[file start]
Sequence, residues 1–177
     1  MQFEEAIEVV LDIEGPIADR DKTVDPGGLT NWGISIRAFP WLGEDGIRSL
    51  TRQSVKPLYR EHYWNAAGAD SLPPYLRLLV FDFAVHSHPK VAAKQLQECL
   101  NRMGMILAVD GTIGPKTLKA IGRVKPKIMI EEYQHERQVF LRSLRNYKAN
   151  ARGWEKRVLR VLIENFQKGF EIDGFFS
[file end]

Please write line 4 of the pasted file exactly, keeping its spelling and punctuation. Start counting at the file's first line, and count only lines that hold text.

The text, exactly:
   101  NRMGMILAVD GTIGPKTLKA IGRVKPKIMI EEYQHERQVF LRSLRNYKAN